Thursday, April 29, 2010

Shearing Day Is Behind Us

Today is Thursday, we sheared on Monday.  I just now feel recovered! 

Llamas and Alpacas as a Metaphor for Life 
We were scheduled at 10am Monday morning.  Sunday night we received a call and were told the time would be changed to 2pm.  I contacted our helpers and hoped they would still be able to come.  Considering the forecast of 100% rain we thought this might actually work out better.  We would be able to get alpacas in and fans on in an effort to get them dry.
 The Camelid Companion: Handling and Training Your Alpacas & Llamas 
We didn't pen them in the night before because we thought we'd have time to deal with wet alpacas first thing in the morning.  Instead, at 7:30am we received another call saying the shearers would be there at 10am.  The owners of the farm scheduled at 7 were not home when the shearers arrived, so this put them ahead about 4 hours!

We shifted to high gear, contacted our helpers, brought the alpacas in, set up pens so they could spread out, and turned on the fans!!  

All's well that ends well.  Suris dry more quickly than huacayas, we learned that!  

 Trying to stay organized, keep helpers organized, and shear alpacas in an orderly fashion we started with our light colors, shearing suris first, then moved to browns, multis, and black.  

 Because we are working with a certified sorter apprentice this year and hoping to learn how to do this ourselves, the fiber from all alpacas was taken off and carefully laid on a sheet of plastic, then rolled up so it can later be unrolled on a skirting table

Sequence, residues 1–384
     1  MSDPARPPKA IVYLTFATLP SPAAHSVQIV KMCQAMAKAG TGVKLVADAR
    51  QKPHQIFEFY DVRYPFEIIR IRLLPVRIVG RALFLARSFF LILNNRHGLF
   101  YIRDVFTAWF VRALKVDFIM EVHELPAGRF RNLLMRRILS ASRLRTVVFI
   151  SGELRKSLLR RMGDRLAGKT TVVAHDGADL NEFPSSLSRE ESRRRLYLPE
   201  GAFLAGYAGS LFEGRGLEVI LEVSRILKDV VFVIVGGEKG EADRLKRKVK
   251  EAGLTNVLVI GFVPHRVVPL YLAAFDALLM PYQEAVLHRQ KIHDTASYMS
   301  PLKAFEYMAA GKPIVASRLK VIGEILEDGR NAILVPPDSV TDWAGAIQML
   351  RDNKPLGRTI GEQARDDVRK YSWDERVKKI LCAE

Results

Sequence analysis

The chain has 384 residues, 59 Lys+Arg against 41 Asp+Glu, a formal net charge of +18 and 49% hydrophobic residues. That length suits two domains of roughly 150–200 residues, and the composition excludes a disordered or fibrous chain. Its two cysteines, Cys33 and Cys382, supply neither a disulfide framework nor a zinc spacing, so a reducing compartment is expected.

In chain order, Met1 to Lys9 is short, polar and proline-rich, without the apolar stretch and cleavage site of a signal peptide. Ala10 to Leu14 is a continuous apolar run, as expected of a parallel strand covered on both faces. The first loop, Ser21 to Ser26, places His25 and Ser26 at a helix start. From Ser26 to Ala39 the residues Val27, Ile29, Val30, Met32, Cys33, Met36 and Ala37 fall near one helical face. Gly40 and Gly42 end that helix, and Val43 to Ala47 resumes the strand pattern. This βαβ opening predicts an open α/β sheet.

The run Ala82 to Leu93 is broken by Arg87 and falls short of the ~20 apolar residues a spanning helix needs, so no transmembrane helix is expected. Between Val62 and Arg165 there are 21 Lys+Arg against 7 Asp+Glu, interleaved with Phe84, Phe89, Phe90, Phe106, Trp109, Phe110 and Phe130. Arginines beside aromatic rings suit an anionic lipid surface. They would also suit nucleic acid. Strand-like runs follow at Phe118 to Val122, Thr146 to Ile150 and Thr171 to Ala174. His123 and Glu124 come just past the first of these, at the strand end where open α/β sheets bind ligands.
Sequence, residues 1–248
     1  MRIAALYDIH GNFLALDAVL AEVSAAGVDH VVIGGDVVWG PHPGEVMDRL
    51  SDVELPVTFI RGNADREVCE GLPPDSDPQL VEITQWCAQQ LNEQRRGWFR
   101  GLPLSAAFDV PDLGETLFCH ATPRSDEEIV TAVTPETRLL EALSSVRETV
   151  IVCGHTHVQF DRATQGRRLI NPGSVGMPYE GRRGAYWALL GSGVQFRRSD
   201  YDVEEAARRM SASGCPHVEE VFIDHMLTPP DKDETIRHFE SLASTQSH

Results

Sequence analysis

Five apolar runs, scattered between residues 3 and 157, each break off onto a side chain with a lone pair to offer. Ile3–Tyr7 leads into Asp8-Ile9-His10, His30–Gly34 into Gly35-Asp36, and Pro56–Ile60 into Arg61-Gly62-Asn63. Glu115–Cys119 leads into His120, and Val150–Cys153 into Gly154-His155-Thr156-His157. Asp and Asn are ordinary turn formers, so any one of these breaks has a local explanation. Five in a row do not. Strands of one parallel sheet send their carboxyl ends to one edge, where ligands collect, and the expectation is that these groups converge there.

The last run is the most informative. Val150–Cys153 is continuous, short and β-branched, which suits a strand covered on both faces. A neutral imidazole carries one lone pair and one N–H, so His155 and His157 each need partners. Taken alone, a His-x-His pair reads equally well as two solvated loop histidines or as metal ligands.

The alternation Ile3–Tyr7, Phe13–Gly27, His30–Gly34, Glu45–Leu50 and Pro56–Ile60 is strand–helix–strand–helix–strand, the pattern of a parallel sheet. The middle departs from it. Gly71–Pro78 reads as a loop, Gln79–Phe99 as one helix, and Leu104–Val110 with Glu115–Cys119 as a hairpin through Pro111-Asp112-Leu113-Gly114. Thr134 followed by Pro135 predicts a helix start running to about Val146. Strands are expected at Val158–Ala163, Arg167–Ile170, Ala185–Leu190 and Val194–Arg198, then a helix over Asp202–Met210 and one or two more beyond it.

Head, tail, and belly can then be more easily identified and coarser fiber skirted away, versus throwing it all in a bag and having finer fiber contaminated by coarser fiber. 

It was a great plan except that at the end of the day, all our neatly rolled blankets had to be unrolled and spread out on the barn floor to dry!  The best laid plans . . 


Several days later they were dry and have been rolled back up until next week when they will be unrolled again and sorted!


And now the alpacas all look a little silly.  Several days of cold weather followed shearing day.  I am sure we had some cold alpacas.

I would rather err on the side of having some cold weather than go into June with pregnant females still in full fleece.  With fiber that is warmer than wool, they get hot!

Teeth, toenails, topknots and tails are trimmed on shearing day.  It's kind of like a day at the spa, well not exactly . . .
Today the sun is shining.  It is warming back up and we have a herd of happy alpacas!

And lots of beautiful fiber!

We'll be sorting next week, then making decisions about what we will do with our crop this year.  All grades of fiber can be used for something!  Check out 'Paca Fiber on our website if you're interested in purchasing raw fleece before it goes to the mill.

The Natural Knitter: How to Choose, Use, and Knit Natural Fibers from Alpaca to Yak 


  1. What a wild ride to get all of them sheared! They are so cute no matter how much (or little) hair they have!

  2. We survived, but it was a wild start to the day!

  3. Julie,
    What a wonderful day and thanks so much for sharing it with us. Your herd looks Awesome,now I really want to visit..I just assumed that you guys sheared them, lol...I loved the pics and all the interesting facts..They are just "Too Cute" How lucky you are!!! Oh, and yes, you are now "Very Dangerous" as I saw the pic of your farm market $$$.....OMG...Take Care, Kay ♥